Multiple Myeloma

Multiple myeloma is a cancer that forms in a type of white blood cell called a plasma cell. Healthy plasma cells help fight infections by making proteins called antibodies. Antibodies find and attack germs.

In multiple myeloma, cancerous plasma cells build up in bone marrow. The bone marrow is the soft matter inside bones where blood cells are made. In the bone marrow, the cancer cells crowd out healthy blood cells. Rather than make helpful antibodies, the cancer cells make proteins that don’t work right. This leads to complications of multiple myeloma.


Early in multiple myeloma, there might be no symptoms. When signs and symptoms happen, they can include:

Bone pain, especially in the spine, chest or hips.

  • Nausea.
  • Constipation.
  • Loss of appetite.
  • Mental fogginess or confusion.
  • Tiredness.
  • Infections.
  • Weight loss.
  • Weakness.
  • Thirst.
  • Needing to urinate often.

Multiple myeloma begins with one plasma cell in the bone marrow. The bone marrow is the soft matter inside bones where blood cells are made. Something happens that turns the plasma cell into a cancerous myeloma cell. The myeloma cell begins making a lot more myeloma cells quickly.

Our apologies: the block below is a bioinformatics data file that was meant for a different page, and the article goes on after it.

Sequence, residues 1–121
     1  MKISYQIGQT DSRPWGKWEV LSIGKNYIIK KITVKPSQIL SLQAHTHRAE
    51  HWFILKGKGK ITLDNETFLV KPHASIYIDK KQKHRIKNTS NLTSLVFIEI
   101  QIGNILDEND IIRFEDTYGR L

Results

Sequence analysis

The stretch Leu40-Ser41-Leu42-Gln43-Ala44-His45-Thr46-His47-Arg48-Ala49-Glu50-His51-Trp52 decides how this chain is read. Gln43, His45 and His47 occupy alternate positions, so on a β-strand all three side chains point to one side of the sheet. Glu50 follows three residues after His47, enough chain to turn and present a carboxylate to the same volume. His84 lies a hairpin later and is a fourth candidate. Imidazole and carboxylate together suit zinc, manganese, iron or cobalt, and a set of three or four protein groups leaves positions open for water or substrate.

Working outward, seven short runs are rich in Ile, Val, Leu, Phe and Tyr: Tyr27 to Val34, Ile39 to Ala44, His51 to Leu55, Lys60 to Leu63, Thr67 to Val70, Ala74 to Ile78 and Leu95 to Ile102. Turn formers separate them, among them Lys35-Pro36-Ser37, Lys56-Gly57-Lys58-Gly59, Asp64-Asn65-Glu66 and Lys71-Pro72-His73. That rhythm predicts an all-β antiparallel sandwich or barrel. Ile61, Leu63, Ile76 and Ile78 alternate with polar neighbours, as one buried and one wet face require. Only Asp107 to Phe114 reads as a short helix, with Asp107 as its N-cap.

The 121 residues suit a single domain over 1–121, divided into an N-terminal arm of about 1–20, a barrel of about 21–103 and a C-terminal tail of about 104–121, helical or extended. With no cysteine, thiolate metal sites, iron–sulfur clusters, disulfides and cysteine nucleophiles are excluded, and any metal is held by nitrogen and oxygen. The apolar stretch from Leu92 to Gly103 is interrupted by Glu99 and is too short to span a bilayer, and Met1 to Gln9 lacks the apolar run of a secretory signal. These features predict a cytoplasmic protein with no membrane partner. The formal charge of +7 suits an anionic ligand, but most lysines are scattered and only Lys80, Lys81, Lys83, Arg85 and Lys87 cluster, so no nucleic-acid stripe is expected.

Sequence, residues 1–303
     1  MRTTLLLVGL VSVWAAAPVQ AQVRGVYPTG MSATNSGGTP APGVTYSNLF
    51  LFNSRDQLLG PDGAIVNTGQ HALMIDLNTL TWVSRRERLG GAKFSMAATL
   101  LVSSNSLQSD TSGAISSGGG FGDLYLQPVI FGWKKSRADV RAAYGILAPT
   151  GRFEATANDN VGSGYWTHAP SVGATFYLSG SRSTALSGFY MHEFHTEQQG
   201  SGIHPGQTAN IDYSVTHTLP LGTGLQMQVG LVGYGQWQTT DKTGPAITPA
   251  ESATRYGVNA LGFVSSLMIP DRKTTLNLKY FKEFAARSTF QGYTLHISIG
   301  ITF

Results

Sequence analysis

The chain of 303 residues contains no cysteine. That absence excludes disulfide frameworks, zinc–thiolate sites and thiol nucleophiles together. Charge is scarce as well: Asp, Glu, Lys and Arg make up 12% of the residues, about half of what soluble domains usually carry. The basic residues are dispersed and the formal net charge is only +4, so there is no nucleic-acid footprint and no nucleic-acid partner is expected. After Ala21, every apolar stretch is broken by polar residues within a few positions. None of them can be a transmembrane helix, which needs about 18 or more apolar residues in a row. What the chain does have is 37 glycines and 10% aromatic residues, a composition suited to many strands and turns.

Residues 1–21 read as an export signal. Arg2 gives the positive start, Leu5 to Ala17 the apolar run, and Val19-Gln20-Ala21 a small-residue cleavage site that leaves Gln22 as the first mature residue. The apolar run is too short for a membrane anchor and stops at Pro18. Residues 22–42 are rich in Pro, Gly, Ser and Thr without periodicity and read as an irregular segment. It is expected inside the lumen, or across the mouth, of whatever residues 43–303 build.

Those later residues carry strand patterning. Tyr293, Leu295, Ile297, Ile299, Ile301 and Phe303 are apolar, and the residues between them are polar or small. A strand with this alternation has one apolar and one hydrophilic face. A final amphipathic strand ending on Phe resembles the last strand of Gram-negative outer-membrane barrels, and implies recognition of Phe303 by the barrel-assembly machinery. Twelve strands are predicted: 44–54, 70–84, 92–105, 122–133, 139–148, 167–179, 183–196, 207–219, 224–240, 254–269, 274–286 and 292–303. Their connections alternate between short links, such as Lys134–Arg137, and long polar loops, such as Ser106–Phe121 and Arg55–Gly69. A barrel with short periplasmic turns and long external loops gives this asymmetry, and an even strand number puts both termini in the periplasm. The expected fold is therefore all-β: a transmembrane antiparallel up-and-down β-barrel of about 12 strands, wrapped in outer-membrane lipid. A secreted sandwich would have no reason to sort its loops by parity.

Healthy cells grow at a set pace and die at a set time. Cancer cells don’t follow these rules. They make a lot of extra cells. The cells continue living when healthy cells would die. In myeloma, the cancer cells build up in the bone marrow and crowd out the healthy blood cells. This leads to tiredness and not being able to fight infections.

The myeloma cells continue trying to make antibodies, as healthy plasma cells do. But the body can’t use these antibodies, called monoclonal proteins or M proteins. Instead, the M proteins build up in the body and cause problems, such as damage to the kidneys. Myeloma cells can damage bones and increase the risk of broken bones.

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